The objective of this study is to examine racial, gender, and insurance disparities in hospital outcomes among patients diagnosed with osteoporotic fractures aged 55 years and older. A total of 36,153 patients were included in this study. The sample was constructed from de-identified patient-level data for 2011 through 2014 from the Virginia Health Information (VHI) inpatient discharge database. Differences in mortality and 30-day readmission across race, gender, and insurance status were examined using logistic regression and generalized linear models for hospital charges and length of stay. Whites and Asians had a shorter stay than Blacks [5.2 days (95% confidence interval (CI) 5.1-5.3) and 5.0 days (95% CI 4.7-5.2) vs. 5.6 days (95% CI 5.4-5.7)], while Hispanics had a significantly longer stay [6.0 days (95% CI 5.6-6.5)]. On average, total charges were the highest among Blacks [$37,916 (95% CI 36,784-39,083)]. All outcomes were poorer for men than women. Privately and publicly insured patients were more likely to be readmitted [odds ratio (OR) 1.6 (95% CI 1.0-2.6) and OR 2.0 (95% CI 1.3-3.2)] and had a shorter stay than the uninsured [4.9 days (95% CI 4.8-5.0) and 5.2 days (95% CI 5.1-5.3) vs. 5.7 days (95% CI 5.4-6.0)], while privately insured patients had considerably lower total charges than those who were uninsured [$34,163 (95% CI 33,214-35,139) vs. $36,335 (95% CI 34,334-38,452)]. As evidenced from this study, there are racial, gender, and insurance disparities in health outcomes. These results and further exploration of these disparities could provide information necessary for strategies to improve these outcomes in at-risk patients diagnosed with osteoporotic fractures.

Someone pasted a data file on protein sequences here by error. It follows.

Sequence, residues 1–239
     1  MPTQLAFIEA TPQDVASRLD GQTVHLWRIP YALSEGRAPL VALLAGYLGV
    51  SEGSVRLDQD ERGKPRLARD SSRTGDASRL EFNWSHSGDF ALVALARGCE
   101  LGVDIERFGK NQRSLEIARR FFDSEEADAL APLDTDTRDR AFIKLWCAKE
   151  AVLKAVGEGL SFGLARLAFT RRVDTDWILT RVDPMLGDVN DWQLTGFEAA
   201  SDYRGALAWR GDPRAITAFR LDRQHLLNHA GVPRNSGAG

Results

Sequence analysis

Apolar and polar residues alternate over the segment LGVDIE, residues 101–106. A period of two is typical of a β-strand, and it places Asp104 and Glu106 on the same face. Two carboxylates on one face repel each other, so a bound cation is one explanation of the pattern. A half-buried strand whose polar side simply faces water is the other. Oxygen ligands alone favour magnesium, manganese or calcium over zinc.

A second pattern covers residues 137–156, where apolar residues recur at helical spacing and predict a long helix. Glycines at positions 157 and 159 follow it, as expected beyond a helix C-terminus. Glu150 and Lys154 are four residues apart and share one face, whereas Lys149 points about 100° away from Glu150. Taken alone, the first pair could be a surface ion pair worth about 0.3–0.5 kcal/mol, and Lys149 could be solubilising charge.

Keywords: Disparities; Hospital outcomes; Hospitalizations; Osteoporotic fractures.